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"It's kinda corny, so I don't like to tell people that," DMD says. But soon enough he reveals his dirty, naughty little secret.
"It actually means Disc Master D," he says. "But I'm supposed to not tell anybody about that. It's kinda corny. That's my old-school DJ name, and I decided not to change it." DMD rarely discloses the origins of his hip-hop handle, but since he feels especially close to the people of the Bayou City (he calls Houstonians his "folks"), he believes there is nothing worth hiding from us. "Consider yourself privileged," he says.
It is somewhat of a privilege to talk to DJ DMD, a.k.a. Dorie Dorsey, Port Arthur native and resident, record-store owner, husband and father of two girls, who has made a name for himself and for his home turf in the Southern rap biz. This is the guy who produced and performed (with Lil' KeKe and the late Fat Pat) "25 Lighters," a song that, if you've spent most of your days the past year tuned to local rap radio, you surely would've heard being played every other minute. Set against a bubbly backbeat that parodies Al B. Sure!'s 1988 breakout hit, "Night & Day," "25 Lighters" is a flighty rap composition, replete with head-scratching chorus ("25 lighters on my dresser / Yessir / I gots to get paid"). As for what exactly the title means, the DJ lets the listener decide.
"I wanted it to mean ... to be a symbol for, uh, just people getting their money on, getting their hustle on," he says. "Working a nine-to-five or you doing whatever, you know. I'm just trying to get people to concentrate on getting their money on in a feel-good type of way. You know what I mean, '25 Lighters' is just like a symbol of that. 'Cause if you really think about it, how can lighters get you paid anyway? Everybody has been having their own, like, ideals of what '25 Lighters' mean. I done heard, uh, dope, crack. I've heard people use some of the wildest things in what they thought '25 Lighters' was. It can mean whatever anybody wants it to be about in a feel-good type of way."
"25 Lighters" became a heavy-rotation hit and gave the album it appeared on, 1997's Twenty-Two: P.A. World Wide, a boost in sales. The album is DMD's second, and it's independently distributed by DMD's own Inner Soul Records. DMD started the label five years ago, with partners John Williams III and Chandrea Celestine, as a way of unleashing his own brand of Texas hip-hop into cultural consciousness. "It was like, I wasn't gonna be in music unless I was in control of my own destiny," he says. "So, after looking for some investors and stuff like that, my friends, we just decided we were gonna do it ourselves."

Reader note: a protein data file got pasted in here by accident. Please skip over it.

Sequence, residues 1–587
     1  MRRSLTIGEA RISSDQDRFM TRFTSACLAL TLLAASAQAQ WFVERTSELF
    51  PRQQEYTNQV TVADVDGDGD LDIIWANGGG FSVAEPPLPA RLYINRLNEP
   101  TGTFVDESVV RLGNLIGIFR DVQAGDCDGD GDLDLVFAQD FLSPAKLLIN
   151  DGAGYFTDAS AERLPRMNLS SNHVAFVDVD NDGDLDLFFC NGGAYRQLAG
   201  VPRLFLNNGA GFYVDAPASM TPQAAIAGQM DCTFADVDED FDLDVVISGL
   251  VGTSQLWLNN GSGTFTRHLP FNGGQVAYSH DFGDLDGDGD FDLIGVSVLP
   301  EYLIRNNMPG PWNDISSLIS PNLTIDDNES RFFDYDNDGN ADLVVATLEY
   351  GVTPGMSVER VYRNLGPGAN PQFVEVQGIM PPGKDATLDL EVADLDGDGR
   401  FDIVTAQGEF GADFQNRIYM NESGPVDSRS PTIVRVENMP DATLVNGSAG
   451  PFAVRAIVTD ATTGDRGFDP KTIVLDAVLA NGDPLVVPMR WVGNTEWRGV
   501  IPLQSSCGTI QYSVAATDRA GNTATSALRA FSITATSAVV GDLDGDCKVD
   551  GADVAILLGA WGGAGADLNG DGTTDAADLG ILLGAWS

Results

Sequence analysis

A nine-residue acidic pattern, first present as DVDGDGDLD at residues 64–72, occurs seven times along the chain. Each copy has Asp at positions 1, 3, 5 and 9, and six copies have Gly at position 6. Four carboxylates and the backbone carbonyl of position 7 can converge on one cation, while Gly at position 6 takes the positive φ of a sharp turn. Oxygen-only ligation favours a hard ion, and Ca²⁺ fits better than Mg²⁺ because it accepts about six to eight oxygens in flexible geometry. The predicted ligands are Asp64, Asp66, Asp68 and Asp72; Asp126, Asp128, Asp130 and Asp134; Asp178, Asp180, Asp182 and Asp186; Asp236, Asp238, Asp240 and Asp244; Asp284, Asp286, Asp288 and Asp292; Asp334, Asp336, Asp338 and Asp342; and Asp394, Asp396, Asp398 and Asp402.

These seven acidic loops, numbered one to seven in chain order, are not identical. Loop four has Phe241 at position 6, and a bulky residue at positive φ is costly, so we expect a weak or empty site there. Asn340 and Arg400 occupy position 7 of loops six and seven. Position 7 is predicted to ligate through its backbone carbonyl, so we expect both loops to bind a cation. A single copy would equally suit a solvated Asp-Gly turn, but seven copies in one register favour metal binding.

The album's title is a continuation of his debut album's, 1996's Eleven. So what's up with the number?
"It's been my lucky number for, I don't know why, [but] I just took to that number, 11," he says. "And I was searching for a title for the first record. It's a part of my life. I mean, for instance, my birthday is on the 11th of December. My wife is on the 11th of July. My eldest baby girl is on the 11th of September. I had 11 artists signed to the [Inner Soul] label at the time we did Eleven. And the number just kept the important dates in my life all falling on that date, that number. So, it was like, to me, being that I'm a spiritual person, it's just like a message The Man was sending to me that that number is important." DMD is looking to name all his albums after multiples of 11. "Eleven, Twenty-Two, Thirty-Three, Forty-Four, if I ever get that far," he says.
DMD, who claims to be "17 for life," has been letting his music speak for himself ever since he was "here it goes again, 11." During that age, friends and relatives introduced him to the DJ arts (scratching, mixing, etc.).
He soon became a popular DJ during his high school days. As he got older, he began making demo tapes of his work. Word of mouth soon hooked him up with Houston rap team UGK. He produced three tracks (and performed on one) for the band's Supertight album in 1994. That later led to DMD's working with Fat Pat, Lil' KeKe and DJ Screw. It was during one of those collaborations when DMD began working on "25 Lighters."
DMD's status as a Houston rap favorite caught the eyes of national record label execs who wanted to distribute Twenty-Two nationally, including Elektra. "It was like, at the time, Elektra came to the table earlier this year, we had about a little over 50,000 copies," he says. "And for anybody in the industry, they know that, you know, on an independent scale, 50,000 in four months, 16 weeks, that's an incredible amount of numbers for a little label to be doing." DMD immediately hooked up with Elektra, who outbid all other labels in contention. DMD says the label's "radio-tripping" publicity skills will come in handy for the other songs on the album he wants to release as singles. "I mean, there are plenty other songs on the record that we do feel have that same mass appeal to it," he says, "like '25 Lighters.' "
Despite his newfound rank as a major-label playa, DMD, who cites Dr. Dre as a major influence, is still gonna stick with the independent, often multifarious style of rap that got him where he is now. "I wanted to spotlight all kinds of influences [on Twenty-Two], you know," he says. "So there's a little East Coast feel on some tunes, South gangsta feel on some tunes, there's a little West Coast feel on some tunes. I mean, it's like a gumbo of tunes, a gumbo of flavor, and it kinda like creates its own little sound."
So DMD isn't worried about coming up with the goods for a national rap audience -- he knows what he can deliver. "I ain't the best," says the ever-humble DMD, "but I'm decent.